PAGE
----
In the main flow path of a turbine the flow will always be dominated by the blades shape, while for leakage cases the flow will be dominated by the motion and evolution of small eddies. Rosic et al. [1] reviewed the importance of shroud leakage modelling in multistage turbines. The comparison of measurements and 3D calculations shows that the flow in shrouded low aspect ratio turbines is dominated by shroud leakage. This is especially true as regards the loss distribution. The rotor shroud leakage flow greatly increases the secondary flow in the downstream stators and drives low energy fluid towards mid-span. It was pointed out that with very low values of shroud leakage the flow is reasonably well modelled by a simple 1D model of the leakage flow, using sources and sinks on the casing. However, for more representative real clearances, full 3D modelling of the seal and cavity flows is necessary in order to obtain reasonable agreement. Given that developing a simulation method with both high precision and fast solving speed is imperatively demanded for engineers to assess new designs, Zhengping Zou et al. [2] suggested that one of the potential approaches for solving the problem is a method that couples low dimensional models, 1D and 2D models, of the shroud flow with 3D (three-dimensional) simulations of the main flow passage. Specifically, some boundary source and boundary sink is set on the interface between the shroud and the main flow passage, and the source term and sink term are determined by the shroud leakage model. The schematic of this process is given in Fig. 1. The results of his study [2] demonstrate that the proposed models and methods will contribute to pursue deeper understanding and better design methods of shrouded axial turbines.

Figure 1: (a) Schematic of full 3D computation; (b) Schematic of multi-dimensional coupling simulation. [2]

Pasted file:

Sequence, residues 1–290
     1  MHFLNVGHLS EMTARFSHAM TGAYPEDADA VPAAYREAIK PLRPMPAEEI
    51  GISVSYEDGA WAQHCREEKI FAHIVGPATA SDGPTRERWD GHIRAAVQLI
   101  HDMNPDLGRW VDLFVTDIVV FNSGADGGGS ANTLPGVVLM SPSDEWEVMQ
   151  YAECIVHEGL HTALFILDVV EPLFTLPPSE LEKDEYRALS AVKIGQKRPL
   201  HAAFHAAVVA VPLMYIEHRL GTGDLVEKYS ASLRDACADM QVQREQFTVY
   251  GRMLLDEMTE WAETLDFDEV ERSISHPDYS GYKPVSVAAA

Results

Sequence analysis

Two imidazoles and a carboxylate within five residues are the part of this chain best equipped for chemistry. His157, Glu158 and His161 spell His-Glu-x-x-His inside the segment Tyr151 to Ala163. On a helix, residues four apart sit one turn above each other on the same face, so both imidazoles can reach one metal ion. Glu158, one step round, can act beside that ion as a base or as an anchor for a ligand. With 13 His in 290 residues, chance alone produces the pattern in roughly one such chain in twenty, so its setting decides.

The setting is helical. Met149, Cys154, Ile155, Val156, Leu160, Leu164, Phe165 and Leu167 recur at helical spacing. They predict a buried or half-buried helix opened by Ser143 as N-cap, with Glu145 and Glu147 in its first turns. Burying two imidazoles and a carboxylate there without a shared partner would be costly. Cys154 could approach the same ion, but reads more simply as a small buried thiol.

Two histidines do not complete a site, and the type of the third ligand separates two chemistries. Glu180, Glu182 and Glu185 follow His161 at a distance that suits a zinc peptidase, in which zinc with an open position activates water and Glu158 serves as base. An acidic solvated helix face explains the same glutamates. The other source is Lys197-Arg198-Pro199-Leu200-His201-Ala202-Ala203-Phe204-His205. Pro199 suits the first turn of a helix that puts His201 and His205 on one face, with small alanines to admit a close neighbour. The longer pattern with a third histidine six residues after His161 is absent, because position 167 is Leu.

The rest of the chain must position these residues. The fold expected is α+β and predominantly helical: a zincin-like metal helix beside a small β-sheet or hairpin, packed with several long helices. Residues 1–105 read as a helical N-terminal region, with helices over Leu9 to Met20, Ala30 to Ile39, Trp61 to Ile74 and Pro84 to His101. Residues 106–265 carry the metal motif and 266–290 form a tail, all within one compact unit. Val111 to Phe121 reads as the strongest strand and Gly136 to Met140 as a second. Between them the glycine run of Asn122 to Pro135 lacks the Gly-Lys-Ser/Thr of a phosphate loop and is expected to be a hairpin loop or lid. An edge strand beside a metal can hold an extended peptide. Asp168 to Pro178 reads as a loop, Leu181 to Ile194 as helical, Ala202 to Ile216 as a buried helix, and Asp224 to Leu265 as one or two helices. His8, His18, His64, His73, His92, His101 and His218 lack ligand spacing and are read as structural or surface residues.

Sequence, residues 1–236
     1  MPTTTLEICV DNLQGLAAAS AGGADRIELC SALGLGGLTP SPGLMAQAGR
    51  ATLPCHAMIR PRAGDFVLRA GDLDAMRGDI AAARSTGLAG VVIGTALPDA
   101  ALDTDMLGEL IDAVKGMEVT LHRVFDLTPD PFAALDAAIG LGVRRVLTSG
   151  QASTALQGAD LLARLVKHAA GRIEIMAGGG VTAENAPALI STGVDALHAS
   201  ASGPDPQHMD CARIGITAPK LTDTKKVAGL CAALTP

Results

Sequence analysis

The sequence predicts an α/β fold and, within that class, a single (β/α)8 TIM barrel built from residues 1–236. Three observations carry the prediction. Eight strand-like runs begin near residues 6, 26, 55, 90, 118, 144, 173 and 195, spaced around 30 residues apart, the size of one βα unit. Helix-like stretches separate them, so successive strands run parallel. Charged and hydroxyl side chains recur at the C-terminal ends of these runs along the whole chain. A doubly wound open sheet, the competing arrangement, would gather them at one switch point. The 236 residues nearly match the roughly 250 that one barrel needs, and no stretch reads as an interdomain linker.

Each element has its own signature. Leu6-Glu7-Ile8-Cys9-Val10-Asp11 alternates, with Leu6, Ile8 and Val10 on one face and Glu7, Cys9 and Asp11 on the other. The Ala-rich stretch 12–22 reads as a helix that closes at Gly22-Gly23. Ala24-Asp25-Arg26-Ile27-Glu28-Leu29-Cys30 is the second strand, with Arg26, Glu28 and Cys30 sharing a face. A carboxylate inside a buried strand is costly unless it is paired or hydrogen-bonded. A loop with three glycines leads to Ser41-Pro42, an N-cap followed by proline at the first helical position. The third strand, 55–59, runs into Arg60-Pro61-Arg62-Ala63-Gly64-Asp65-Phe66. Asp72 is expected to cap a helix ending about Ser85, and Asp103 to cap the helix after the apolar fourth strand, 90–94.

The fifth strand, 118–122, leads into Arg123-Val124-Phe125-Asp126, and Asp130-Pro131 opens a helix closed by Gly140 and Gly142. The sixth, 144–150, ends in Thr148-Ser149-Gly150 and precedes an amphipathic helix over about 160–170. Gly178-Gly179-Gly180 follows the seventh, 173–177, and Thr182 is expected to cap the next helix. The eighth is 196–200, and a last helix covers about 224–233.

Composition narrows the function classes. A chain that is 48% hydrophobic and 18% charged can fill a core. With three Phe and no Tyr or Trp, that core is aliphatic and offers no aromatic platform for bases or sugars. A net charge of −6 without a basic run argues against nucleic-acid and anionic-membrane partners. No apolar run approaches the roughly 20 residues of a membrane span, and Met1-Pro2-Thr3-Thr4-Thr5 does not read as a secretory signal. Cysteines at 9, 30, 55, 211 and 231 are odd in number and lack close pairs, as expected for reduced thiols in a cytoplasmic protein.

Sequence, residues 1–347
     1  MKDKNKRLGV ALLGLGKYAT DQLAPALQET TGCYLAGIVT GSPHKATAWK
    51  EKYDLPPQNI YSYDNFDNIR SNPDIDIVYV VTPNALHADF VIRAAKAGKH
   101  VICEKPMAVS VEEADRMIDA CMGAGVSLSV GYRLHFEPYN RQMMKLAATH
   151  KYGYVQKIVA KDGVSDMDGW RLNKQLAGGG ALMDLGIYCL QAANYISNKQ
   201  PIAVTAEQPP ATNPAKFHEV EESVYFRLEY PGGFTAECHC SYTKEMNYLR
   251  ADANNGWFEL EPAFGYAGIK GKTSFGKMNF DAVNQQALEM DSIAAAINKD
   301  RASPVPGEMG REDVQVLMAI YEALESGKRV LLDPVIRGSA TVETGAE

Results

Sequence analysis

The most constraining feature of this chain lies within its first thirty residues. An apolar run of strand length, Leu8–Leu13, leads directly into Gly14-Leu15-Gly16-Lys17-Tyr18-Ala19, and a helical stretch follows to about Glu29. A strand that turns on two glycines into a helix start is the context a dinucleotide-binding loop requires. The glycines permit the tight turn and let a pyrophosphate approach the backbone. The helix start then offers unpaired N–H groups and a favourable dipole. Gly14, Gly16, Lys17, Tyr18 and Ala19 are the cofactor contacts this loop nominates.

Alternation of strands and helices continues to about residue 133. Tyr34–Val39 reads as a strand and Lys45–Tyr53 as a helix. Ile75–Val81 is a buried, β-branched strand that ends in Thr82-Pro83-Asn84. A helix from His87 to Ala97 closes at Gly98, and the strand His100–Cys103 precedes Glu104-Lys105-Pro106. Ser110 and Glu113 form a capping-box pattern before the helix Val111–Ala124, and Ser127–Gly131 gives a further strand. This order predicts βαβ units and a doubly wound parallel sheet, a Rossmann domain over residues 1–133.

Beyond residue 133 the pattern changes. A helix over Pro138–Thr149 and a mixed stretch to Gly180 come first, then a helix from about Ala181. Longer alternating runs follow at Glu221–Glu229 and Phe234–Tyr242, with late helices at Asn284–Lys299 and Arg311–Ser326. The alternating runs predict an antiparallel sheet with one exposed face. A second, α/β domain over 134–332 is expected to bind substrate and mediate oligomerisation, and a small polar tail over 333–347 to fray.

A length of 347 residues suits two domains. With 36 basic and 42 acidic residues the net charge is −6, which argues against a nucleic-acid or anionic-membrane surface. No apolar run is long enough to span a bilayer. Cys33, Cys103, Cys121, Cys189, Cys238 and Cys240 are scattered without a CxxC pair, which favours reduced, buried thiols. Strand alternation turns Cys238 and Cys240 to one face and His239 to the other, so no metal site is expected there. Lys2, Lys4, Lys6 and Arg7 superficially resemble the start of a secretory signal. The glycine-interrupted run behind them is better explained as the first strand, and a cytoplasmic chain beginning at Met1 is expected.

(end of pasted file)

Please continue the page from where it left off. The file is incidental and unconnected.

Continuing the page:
Check out AxSTREAM CFD for your designing needs!


[1] “The Importance of Shroud Leakage Modeling in Multistage Turbine Flow Calculations”, Budimir Rosic, John D. Denton, and Graham Pullan, Journal of Turbomachinery, Vol 128, pp. 699-707, October 2006

[2] “Shroud leakage flow models and a multi-dimensional coupling CFD (computational fluid dynamics) method for shrouded turbines”, Zhengping Zou, Jingyuan Liu, Weihao Zhang, and Peng Wang, Energy journal, Vol 103, pp. 410-249

Mesh Generation Characteristics for an Accurate Turbomachinery Design

This post will examine the meshing requirements for an accurate analysis of flow characteristics in terms of turbomachinery applications, based on Marco Stelldinger et al study [1]. Computational Fluid Dynamics (CFD) are widely used for the analysis and the design of turbomachinery blade rows.  A well-established method is the application of semi-unstructured meshes, which uses a combination of structured meshes in the radial direction and unstructured meshes in the axial as well as the tangential direction. Stelldinger’s paper presents a library for turbomachinery meshing, which enables the generation of semi-unstructured meshes for turbomachinery blade passages, including cavities, fillets and varying clearance sizes. The focus lies on the generation of a mesh that represents the real geometry as accurately as possible, while the mesh quality is preserved.